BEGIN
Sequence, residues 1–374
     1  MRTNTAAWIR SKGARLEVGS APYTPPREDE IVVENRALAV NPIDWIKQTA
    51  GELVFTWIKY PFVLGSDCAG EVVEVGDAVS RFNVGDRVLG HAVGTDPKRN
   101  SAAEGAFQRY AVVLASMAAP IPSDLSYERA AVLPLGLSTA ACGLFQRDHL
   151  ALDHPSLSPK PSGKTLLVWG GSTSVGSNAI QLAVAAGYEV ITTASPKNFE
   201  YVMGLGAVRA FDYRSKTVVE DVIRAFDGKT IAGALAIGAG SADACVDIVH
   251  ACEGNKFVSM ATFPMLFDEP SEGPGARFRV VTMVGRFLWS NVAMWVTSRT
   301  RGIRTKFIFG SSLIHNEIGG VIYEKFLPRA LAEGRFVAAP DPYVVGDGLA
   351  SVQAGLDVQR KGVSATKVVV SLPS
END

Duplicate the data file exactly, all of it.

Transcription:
Sequence, residues 1–374
     1  MRTNTAAWIR SKGARLEVGS APYTPPREDE IVVENRALAV NPIDWIKQTA
    51  GELVFTWIKY PFVLGSDCAG EVVEVGDAVS RFNVGDRVLG HAVGTDPKRN
   101  SAAEGAFQRY AVVLASMAAP IPSDLSYERA AVLPLGLSTA ACGLFQRDHL
   151  ALDHPSLSPK PSGKTLLVWG GSTSVGSNAI QLAVAAGYEV ITTASPKNFE
   201  YVMGLGAVRA FDYRSKTVVE DVIRAFDGKT IAGALAIGAG SADACVDIVH
   251  ACEGNKFVSM ATFPMLFDEP SEGPGARFRV VTMVGRFLWS NVAMWVTSRT
   301  RGIRTKFIFG SSLIHNEIGG VIYEKFLPRA LAEGRFVAAP DPYVVGDGLA
   351  SVQAGLDVQR KGVSATKVVV SLPS